MFEE believes strongly that without racial and socio-economic equity, there cannot be educational excellence. Montclair is well-positioned to address the inequities that lead to a persistent opportunity gap amongst our students. Montclairians have the creativity, thoughtfulness, and will to make big changes, and MFEE is honored to provide the resources to support these changes in all 11 schools.
In 2020, MFEE’s board allocated $150,000 to fund Excellence in Equity grants to Montclair Public Schools.
Read about Charles H. Bullock, the first school awarded $10,000!
MFEE is awarding one-time significant grants to each of the Montclair Public Schools to address issues of racial and socio-economic inequity. Proposals are evaluated on the quality of the project, demonstrated need for the project, and demonstrated buy-in across a wide swath of the school community. Applications must be collaboratively-shaped by a diverse group of school stakeholders, including (but not limited to) teachers, administrators, parents, and students (where applicable).
It is anticipated that each elementary and middle school will receive up to $10,000 and that the high school, since it serves all of our public school students, will receive up to $50,000 in grant money.
MFEE also required that the grant proposals be shaped by diverse voices and that they centered those of Black and Brown students and families. To that end, MFEE is providing additional planning grant funds to schools for up to $1500 to support outreach to Black and Brown families. Unlike many other grants, MFEE’s Planning Grants were created to honor the time and work asked of both school professionals and parents to work on these grants and to allow more community members who cannot miss paid work time to come to the table.
THE EXCELLENCE IN EQUITY COACHING TEAM
As the grants rolled out, MFEE provided a series of workshops equipping applicants with a common lens for understanding issues of racial inequities in schools. MFEE’s Excellence in Equity Coaching team, a group of local educational equity professionals, led the workshops and continue to provide ongoing coaching to school applicant teams.
Christy Crawford is a Diversity, Equity & Inclusion strategist. She serves as the Director of Culturally Responsive-Sustaining Education for New York City’s Computer Science for All Initiative. For more than a decade she taught K-8 classes in Harlem and the Bronx. She also worked as an education consultant for companies such as Scholastic, BrainPOP and Nickelodeon. Prior to teaching, Christy was a television producer for several networks. She uses her experience in education and media to foster equity by all means necessary.
Cheri Fancsali is Deputy Director at the Research Alliance for New York City Schools, where she provides leadership for strategic planning and organizational development. She has over two decades of experience in research and evaluations of school- and community-based educational programs, with a strong focus on teacher capacity building, school reform initiatives, STEM, computer science education, afterschool programs, and socio-emotional learning. Before beginning her career in education research, Dr. Fancsali was an early childhood and special education teacher in New York City. Her children attended Nishuan, Hillside, Glenfield, and Montclair High School.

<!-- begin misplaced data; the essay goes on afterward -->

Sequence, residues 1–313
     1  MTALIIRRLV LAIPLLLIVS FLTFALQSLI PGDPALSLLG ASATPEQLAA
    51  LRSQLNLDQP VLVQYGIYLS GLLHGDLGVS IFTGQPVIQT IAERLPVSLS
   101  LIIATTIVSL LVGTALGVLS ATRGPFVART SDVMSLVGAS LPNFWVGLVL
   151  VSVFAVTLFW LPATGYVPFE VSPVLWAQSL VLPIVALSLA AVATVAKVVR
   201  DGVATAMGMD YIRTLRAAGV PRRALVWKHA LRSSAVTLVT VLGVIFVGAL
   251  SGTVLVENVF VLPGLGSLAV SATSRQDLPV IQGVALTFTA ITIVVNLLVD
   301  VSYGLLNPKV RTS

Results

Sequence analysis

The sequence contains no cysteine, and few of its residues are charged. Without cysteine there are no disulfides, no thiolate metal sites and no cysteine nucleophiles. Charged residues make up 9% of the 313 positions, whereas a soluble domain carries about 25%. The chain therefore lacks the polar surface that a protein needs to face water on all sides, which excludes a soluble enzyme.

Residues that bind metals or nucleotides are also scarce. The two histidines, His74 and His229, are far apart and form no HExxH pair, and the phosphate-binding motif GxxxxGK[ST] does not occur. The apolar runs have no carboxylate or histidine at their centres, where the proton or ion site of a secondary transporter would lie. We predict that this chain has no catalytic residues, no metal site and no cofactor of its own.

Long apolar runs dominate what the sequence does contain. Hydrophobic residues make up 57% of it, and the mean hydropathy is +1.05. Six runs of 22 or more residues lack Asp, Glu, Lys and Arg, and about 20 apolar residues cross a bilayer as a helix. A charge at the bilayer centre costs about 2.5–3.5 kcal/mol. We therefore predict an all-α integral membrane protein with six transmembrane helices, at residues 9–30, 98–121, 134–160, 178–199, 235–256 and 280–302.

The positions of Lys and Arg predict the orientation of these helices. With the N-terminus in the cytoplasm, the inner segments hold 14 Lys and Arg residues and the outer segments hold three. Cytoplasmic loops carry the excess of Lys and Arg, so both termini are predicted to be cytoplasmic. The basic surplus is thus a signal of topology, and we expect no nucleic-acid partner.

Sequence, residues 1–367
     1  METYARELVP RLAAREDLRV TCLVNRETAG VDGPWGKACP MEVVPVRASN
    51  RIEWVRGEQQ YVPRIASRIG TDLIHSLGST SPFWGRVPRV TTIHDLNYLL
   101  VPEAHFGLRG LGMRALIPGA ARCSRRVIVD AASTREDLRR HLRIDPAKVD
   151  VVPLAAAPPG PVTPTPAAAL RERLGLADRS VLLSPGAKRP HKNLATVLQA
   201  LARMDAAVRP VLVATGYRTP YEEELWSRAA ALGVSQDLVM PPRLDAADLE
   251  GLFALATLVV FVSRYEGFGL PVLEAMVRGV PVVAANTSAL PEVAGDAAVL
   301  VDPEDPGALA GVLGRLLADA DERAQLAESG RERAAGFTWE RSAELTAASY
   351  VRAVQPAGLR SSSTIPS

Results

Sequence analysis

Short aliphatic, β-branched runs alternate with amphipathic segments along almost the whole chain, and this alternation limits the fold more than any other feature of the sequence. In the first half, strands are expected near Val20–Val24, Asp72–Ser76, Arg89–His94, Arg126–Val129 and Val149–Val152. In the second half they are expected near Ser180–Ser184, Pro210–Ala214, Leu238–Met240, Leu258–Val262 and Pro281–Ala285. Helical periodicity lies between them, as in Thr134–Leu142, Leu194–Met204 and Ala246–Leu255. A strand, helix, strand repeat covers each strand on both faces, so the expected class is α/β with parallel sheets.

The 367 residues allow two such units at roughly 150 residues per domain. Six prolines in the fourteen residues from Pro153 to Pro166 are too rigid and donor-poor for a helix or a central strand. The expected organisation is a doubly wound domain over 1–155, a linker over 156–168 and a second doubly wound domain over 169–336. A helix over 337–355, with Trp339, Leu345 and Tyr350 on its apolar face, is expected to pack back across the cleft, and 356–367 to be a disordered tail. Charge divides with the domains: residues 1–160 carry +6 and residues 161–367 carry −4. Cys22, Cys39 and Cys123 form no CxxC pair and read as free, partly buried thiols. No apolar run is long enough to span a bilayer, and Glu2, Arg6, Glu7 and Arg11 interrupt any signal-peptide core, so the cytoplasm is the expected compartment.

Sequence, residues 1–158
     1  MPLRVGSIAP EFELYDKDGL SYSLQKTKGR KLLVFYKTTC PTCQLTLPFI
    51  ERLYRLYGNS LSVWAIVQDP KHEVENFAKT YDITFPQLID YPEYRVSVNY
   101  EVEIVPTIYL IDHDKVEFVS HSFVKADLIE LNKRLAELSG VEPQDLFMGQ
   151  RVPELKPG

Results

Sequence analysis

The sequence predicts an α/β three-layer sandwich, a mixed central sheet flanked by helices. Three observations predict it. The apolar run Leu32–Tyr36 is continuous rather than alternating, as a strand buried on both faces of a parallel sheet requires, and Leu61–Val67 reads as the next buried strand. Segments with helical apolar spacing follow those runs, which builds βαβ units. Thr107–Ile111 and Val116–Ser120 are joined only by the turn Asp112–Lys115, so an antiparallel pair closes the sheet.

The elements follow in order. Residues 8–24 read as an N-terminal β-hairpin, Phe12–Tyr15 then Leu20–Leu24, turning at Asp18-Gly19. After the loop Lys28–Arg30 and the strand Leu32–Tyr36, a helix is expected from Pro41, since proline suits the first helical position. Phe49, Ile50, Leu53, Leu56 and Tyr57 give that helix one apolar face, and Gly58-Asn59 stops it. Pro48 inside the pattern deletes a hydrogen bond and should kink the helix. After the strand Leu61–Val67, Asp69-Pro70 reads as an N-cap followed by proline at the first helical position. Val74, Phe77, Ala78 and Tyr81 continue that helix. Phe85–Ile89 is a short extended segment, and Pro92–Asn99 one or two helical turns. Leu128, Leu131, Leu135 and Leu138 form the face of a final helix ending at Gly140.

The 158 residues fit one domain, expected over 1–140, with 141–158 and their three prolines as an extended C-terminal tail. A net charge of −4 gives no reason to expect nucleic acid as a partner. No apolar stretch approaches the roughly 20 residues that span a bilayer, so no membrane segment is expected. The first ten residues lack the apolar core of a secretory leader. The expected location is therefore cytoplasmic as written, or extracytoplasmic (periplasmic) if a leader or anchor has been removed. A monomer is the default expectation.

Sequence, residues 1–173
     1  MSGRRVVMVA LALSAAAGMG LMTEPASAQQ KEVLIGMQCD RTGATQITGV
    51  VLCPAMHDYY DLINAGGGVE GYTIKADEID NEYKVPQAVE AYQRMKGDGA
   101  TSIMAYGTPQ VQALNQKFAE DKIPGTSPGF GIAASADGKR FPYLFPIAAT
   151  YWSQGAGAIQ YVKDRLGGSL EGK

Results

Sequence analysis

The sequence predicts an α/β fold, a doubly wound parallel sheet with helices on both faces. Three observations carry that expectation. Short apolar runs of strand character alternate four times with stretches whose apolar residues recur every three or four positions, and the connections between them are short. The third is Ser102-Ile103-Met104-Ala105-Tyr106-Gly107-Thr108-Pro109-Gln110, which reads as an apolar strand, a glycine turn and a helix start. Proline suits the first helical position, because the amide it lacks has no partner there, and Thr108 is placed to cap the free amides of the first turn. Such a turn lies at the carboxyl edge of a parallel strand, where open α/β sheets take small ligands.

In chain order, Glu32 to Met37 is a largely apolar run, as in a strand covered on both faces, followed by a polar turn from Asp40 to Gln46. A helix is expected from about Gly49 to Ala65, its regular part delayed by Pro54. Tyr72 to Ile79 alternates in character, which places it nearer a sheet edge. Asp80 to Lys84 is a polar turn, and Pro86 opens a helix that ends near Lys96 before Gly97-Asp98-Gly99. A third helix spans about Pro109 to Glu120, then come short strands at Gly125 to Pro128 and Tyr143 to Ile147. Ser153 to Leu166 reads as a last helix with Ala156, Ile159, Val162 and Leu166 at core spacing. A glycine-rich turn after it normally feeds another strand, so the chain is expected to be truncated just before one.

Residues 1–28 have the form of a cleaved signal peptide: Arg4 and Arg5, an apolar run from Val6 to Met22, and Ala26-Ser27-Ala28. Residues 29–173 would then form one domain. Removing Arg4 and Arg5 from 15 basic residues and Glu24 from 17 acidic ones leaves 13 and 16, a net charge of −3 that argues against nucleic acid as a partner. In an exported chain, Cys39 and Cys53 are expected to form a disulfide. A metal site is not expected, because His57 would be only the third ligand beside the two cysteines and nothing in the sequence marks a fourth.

Jennifer M. Moore is the Founder/Consultant of Initiate Equity. As the leader of a private education consulting organization, Jennifer Moore is an independent consultant who supports school teams and educational non-profits to analyze the distinguishable, yet often hidden ways racism, privilege and power impact an organization’s success. With over fifteen years of experience in education, Jennifer leads cross-functional teams to leverage high-impact strategies that directly address racism and its various manifestations. Through this approach Jennifer helps organizations go beyond the limited frame of “bad actors” who commit racist acts, to one that encompasses a systems-level analysis to determine which specific policies and practices are contributing to inequity. Prior to consulting, Jennifer worked for Teach For America-New Jersey. One of her many contributions included leading a major overhaul of their teacher development program to prioritize culturally relevant pedagogy as a framework for new teacher development. Jennifer started her journey in education as a New York City public school teacher where she brought her passion for social justice to her work in the South Bronx. She is from the greater Seattle-Metro area and currently resides in East Orange, New Jersey with her husband.
Bridget Placek is an educator, learner, writer, and Montclair mom of three. She began her career as a middle school teacher in the Washington Heights neighborhood of NYC before becoming a Literacy Coach, citywide lab site learning leader, and Assistant Principal of Grades 5-8 and Special Education. Bridget has also served as the elementary school Vice Principal in Leonia, NJ, and adjunct faculty at the School of Education at City College of New York. Her essays on motherhood have been published by Scary Mommy and P.S. I Love You.